Jessica Zelinka had flown to Ontario for the Olympic Heroes Parade in September when drug testers knocked on her door in Calgary to find her not home.
Her absence was considered a missed doping test, the first strike for one of Canada’s top track and field athletes.
Three strikes is an anti-doping violation, and can come with a suspension of up to two years.
Some athletes are quietly complaining that they’ve become slaves to what they call a draconian anti-doping system desperate to keep up with the cheaters, saying they have to sign away their dignity and privacy to prove they’re clean.
Few are keen to talk openly about it.
“It’s really a system that’s flawed on so many levels,” says Zelinka’s husband Nathaniel Miller, an Olympian in water polo. “It has nothing to do with athletes trying to avoid testing, but everything to do with athletes trying to just be normal human beings and have their own dignity and freedom respected.
“I don’t think the current system does that.”
Canada’s top athletes must provide a schedule of their daily whereabouts in three-month blocks to the country’s doping watchdog, the Canadian Centre for Ethics in Sport.
In the days following her bronze medal run at the 2008 Beijing Olympics, hurdler Priscilla Lopes-Schliep and husband Bronsen Schliep took a road trip to the Grand Canyon. They pitched a tent in a national park. Lopes-Schliep emailed the longitude and latitude of the campsite to her manager Kris Mychasiw, in case the drug testers needed to find her.
“The longitude and latitude, that’s hardcore to expect an athlete to do that,” Mychasiw said. “Thank God for smart phones. She sent the update in: ‘We’re in a tent, somewhere along the road, and here’s the longitude and latitude.“’ Athletes are also required to designate a specific hour each day – any time between 5 a.m. and 11 p.m. – when they’re available for unannounced drug testing in their home.
“If you’re a regular employee in Canada, this entire policy and procedure is illegal,” Miller says. “You’re not allowed to do random testing in a person’s place of living, they can’t send a drug tester to your house to test you for privacy reasons. And yet, because you represent your country as an athlete, those rights go out the window.”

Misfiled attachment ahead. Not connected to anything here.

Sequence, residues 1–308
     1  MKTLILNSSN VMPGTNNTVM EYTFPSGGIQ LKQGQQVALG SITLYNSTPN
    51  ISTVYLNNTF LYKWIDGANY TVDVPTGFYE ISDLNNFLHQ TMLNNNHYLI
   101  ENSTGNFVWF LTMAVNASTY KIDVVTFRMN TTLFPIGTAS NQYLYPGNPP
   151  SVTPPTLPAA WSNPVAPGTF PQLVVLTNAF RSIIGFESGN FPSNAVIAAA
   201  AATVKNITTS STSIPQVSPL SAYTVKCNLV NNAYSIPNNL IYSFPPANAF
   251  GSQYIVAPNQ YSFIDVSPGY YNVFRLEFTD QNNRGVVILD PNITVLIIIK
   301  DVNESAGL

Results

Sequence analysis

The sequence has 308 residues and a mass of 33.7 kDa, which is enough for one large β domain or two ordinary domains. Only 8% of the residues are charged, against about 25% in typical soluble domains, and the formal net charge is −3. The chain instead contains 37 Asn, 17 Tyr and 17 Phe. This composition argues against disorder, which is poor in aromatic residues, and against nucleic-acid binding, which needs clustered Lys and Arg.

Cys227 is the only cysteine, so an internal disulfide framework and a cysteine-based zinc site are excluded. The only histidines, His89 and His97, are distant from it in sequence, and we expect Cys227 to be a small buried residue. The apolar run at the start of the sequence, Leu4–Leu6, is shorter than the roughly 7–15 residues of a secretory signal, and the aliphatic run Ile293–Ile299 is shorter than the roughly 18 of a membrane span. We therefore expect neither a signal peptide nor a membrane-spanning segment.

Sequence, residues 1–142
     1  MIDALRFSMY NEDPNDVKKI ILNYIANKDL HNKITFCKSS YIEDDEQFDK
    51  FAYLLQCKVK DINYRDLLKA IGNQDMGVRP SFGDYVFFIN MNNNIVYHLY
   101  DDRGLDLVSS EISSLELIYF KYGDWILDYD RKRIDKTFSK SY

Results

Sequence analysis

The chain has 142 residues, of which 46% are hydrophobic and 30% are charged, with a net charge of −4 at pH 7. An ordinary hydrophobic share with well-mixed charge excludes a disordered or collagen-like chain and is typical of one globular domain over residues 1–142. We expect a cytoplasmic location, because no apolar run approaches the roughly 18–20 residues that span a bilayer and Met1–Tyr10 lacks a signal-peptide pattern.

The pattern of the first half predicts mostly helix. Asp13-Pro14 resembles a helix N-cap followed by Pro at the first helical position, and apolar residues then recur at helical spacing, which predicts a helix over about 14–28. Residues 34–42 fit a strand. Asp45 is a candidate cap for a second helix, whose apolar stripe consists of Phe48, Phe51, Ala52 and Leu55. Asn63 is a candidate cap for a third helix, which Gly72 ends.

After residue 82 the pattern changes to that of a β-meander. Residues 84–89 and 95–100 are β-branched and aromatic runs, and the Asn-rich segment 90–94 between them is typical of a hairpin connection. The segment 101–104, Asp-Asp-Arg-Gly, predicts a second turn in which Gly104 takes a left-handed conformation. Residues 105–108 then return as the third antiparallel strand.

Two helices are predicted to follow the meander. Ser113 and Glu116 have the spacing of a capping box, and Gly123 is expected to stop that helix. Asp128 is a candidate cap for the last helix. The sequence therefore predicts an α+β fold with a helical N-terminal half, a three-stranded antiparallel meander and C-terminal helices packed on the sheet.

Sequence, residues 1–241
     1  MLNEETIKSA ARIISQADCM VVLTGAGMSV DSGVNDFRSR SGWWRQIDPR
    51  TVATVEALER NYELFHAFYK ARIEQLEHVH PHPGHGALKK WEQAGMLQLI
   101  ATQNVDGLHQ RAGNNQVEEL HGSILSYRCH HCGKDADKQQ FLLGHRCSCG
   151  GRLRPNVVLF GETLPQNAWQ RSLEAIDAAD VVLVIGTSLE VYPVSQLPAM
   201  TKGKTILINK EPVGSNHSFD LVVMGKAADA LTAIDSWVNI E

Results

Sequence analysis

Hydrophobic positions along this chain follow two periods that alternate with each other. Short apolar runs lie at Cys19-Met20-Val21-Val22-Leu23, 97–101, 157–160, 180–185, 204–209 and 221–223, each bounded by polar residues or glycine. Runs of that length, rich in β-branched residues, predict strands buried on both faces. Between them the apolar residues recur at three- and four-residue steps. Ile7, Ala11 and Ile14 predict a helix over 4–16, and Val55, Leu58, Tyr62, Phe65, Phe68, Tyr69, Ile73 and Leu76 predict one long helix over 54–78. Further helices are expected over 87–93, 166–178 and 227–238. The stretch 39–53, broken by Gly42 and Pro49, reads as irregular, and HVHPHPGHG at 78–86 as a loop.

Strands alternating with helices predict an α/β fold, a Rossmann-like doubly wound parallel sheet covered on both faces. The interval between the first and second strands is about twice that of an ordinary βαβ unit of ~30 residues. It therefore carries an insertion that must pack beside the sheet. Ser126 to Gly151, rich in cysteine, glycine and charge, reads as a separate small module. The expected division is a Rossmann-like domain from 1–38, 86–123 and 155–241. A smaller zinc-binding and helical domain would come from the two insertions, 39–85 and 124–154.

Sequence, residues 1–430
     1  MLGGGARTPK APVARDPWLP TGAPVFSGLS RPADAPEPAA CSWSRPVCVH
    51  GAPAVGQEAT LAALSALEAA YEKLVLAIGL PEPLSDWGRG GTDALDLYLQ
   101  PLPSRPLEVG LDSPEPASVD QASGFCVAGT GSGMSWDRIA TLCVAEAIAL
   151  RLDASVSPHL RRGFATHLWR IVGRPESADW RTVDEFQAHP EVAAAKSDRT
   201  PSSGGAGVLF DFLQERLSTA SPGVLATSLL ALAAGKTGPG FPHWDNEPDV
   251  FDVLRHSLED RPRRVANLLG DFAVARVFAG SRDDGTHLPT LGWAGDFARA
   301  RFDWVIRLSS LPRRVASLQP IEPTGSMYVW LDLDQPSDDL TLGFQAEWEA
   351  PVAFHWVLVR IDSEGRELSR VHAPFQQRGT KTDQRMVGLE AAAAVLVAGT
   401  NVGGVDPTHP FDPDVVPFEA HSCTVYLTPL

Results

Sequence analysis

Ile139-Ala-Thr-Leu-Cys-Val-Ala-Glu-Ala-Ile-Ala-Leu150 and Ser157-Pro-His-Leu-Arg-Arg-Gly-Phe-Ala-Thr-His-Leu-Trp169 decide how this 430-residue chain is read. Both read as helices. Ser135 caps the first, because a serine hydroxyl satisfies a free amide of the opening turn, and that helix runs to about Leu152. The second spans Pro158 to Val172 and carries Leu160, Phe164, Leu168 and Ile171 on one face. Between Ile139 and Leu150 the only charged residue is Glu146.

Athletes must notify the CCES of any scheduling changes. Zelinka forgot to do that. She argued she was caught up in the stresses of a move to Connecticut, last-minute plans to participate in the Olympic parade in Toronto, and the added demands on her schedule that come with being a mom.
Zelinka, whose daughter Anika is three, appealed the missed-test ruling. Her appeal was recently denied. Two more strikes in 18 months will be an anti-doping violation.
“It’s not like you’re trying to hide something or trying to throw them off, which of course was absurd because she was at a very public celebration of Olympic sports,” Miller said. “Her actual whereabouts were well-known to everybody, and anyone.”
The CCES was formed in the fallout from the 1988 Ben Johnson scandal. Jeremy Luke, director of the Canadian anti-doping program, says the organization is complying with the World Anti-Doping Code.
“That code outlines the length of sanctions that can be imposed on athletes, the testing protocols, and then included in that, is what we call ‘athletes whereabouts requirements,’ which is an international standard that’s implemented in Canada but also implemented around the world in other countries,” said Luke.
Athletes unhappy with the testing protocol know their point of view might not be a popular one, especially coming on the heels of revelations of widespread doping in cycling, and the downfall of Lance Armstrong.
“You’re kind of stuck between a rock and a hard place because if you speak out loudly against it, the immediate perception is: oh well, they’re trying to hide something,” Miller said. “Canadian athletes for the most part are strong advocates for drug-free sport, so you don’t want to be criticizing an agency that you support – even though you don’t support their methods.”
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